Now, you can certainly raise the objection, “well all that stuff, environment and organic body and sense organs and evolution are just human notions too, like the ideas and perceptions and images that are created by the brain!” Of course. These are our forms of understanding our understanding, how we retroactively and reflexively experience our experiences, categorize and order them. The categories of our experiences order and eventually even give rise to experience as such. And yet, given all this, is it thus plausible to grant that “all is mind/consciousness”, or rather, that the “physical” (that which exists as it is and is however inadequately captured by this label ‘physical’ or ‘that which exists’) is only of the subject? Certainly not, this conclusion does not follow at all, in fact, it demonstrates its own refutation in so far as the subject experiencing must be experiencing something. Is this subject only experiencing itself? Are we brains in vats? Then what is the brain, what is the vat? Where are the other brains in vats? Is there only one brain in a vat? Then is the vat a part of the brain’s being a brain in a vat? What gave rise to this ultimately solipsistic subjectivity of existence in which we then conclude that all other existence and experience is? Does this position seem absurd? Of course, because it is. What the human does is construct various models as ways of explaning its experiences, which is to say, of experiencing its experiences. Experience is deep and multidimensional, for us, the surface always points downward. We attempt to gather a perspective which best explains surface experience as well as that deeper realm from which we experience that our experiences originate. It goes without saying that all of these models are human constructs only, and are merely approximations or “best guesses”… there is no such thing as a car, a computer, a man, a brain, a vat, a planet, the universe, “in themselves”, these are merely human ideas and created images which are at present our best means of ideal-ly re-presenting the experiences of experiences to ourselves, as metaphors, as images through which classification, simplification and categorization occur. This human world is just that, a human world – there is no reason to belie it or bemoan it, it is all we have, and it is beautiful and wonderful, and deep beyond all knowing… and yet, because we recognize the constructed and artificial, temporal nature of this human world, does this then mean we conclude that there is no “that which is as it is” existence, a reality beyond the human? (and from which the human reality then through complex energetic processes arises)? No, that is to overstep, to grasp the nature of the human existence and subjectivity as such in only a crude and simplistic manner; this is inevitable at first, we must over-reach when we first encounter, we must simplify and over-conclude if we are to genuinely confront the idea at all – subtlety and refinement of understanding and encounter come later.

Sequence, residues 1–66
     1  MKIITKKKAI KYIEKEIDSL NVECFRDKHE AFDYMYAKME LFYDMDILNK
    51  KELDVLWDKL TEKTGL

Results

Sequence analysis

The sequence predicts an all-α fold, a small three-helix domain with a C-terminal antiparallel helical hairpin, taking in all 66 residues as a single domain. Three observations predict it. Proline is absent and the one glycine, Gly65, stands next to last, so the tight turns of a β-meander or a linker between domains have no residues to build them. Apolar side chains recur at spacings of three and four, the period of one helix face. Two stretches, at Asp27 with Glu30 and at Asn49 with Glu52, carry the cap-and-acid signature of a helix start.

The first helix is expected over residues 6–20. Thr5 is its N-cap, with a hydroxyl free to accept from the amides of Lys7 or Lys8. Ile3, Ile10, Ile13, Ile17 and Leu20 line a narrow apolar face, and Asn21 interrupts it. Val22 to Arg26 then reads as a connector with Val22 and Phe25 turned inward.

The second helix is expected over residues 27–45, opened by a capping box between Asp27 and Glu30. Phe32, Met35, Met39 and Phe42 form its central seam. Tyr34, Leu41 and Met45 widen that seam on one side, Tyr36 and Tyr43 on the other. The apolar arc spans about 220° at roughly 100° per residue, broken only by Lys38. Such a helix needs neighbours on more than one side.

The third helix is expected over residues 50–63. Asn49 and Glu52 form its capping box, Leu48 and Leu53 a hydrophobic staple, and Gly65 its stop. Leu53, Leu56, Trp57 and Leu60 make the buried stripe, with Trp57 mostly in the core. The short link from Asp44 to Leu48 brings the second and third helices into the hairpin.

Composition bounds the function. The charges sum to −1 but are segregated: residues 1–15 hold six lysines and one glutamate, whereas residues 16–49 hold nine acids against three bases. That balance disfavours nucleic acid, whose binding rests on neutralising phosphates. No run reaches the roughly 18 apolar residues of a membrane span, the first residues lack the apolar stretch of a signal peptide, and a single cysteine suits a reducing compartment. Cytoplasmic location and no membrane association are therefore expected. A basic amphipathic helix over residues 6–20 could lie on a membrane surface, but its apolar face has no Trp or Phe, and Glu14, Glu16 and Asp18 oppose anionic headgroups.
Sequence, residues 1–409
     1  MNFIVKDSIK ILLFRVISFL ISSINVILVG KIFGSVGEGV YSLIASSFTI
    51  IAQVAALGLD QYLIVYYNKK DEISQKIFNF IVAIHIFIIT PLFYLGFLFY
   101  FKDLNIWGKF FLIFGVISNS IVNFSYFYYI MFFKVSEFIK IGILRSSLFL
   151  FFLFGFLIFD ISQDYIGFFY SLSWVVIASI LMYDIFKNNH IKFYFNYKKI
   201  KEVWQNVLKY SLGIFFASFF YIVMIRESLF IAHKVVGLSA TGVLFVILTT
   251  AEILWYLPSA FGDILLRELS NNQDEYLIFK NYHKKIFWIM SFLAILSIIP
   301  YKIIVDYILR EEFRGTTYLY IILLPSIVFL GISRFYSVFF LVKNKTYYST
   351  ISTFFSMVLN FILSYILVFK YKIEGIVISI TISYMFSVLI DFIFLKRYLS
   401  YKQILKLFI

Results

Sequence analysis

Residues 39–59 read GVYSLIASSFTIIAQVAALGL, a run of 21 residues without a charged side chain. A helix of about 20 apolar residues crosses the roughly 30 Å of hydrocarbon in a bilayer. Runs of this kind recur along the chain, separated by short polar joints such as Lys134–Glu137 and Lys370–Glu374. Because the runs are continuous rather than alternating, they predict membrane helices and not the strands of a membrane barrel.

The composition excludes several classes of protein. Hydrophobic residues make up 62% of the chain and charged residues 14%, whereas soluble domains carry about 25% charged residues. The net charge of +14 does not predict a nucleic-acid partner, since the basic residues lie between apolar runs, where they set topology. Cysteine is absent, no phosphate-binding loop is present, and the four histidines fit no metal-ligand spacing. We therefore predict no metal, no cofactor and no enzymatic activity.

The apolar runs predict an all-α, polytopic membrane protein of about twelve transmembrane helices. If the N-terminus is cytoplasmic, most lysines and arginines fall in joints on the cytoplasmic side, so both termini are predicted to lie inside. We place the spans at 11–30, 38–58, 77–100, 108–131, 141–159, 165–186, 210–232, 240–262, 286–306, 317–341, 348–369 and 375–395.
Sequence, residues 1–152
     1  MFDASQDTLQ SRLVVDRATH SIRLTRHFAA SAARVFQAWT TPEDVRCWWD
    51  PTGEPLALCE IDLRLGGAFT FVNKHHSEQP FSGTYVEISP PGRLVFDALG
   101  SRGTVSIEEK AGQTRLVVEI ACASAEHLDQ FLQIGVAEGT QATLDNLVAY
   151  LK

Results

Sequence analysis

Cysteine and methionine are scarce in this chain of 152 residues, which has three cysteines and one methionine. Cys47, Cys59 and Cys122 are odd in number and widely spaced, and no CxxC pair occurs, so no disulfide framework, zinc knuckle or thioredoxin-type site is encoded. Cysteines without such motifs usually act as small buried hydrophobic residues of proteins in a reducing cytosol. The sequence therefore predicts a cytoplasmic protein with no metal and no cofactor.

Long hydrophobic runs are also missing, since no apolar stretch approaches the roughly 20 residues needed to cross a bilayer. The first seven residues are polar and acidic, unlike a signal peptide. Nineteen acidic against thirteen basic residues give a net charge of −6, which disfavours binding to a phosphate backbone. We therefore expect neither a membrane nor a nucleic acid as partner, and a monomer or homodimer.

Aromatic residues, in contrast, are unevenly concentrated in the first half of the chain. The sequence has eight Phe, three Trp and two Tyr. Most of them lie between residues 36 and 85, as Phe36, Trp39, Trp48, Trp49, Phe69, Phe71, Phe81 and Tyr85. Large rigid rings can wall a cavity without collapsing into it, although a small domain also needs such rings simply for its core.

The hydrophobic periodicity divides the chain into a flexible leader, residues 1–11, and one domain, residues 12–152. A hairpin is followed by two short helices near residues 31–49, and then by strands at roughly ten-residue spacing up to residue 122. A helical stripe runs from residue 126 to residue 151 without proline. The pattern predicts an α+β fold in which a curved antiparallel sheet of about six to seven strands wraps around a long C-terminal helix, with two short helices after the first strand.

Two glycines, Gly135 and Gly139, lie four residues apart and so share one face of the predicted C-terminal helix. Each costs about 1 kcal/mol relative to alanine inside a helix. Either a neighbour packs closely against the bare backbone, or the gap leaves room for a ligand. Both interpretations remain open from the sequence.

So, to conclude, is the human realm (of human experiences) “real”? Certainly yes. Is it “reality as such”, is it “all there is” in terms of “that which exists”? Certainly not. Are we to assume that this complex human model and form “just is” and was not created or constituted by some other prior process? Certainly not. Are we to conclude that what we humans experience is “that which exists as it is”, that our subjective human notions, ideas, feelings, images are representations of “what actually exists independent of this human subjective-experiential element”? Not at all. But are we then to conclude that no such “that which exists” other than the human exists? Also, not at all. We are left to conclude a) that a “reality”, some form of “that which is as it is”, energy, is, that b) we human organisms are born of this existence by virtue of a highly complex and rare combination of these various energies into higher and higher forms, expanding their “power” (their range of energetic/force influence) and refining said influence, under the rule that those energetic forms which are constituted such that they tend to reproduce their own forms in their own goings-under will tend over time to becomes more dominant than those forms which fail to sufficiently reproduce their own form into the next moment, and that c) we can never know anything about this “that which is beyond the human” other than that it exists and we human subjects are immersed within it in some manner, and our constructed and fabricated human experiences are sufficient metaphors and bear certain relations to this ‘that which is’ such that our survivability is allowed in some manner. So the proper question presents itself: in what are these relations between contrived/fictional human experiences and that to which these experiences are related constituted, and how are they so constituted? This question begins to peel back the layers, to really get down to the truth in so far as we begin to approach the moment of encounter between the human subjective experience and that which the human subject experiences.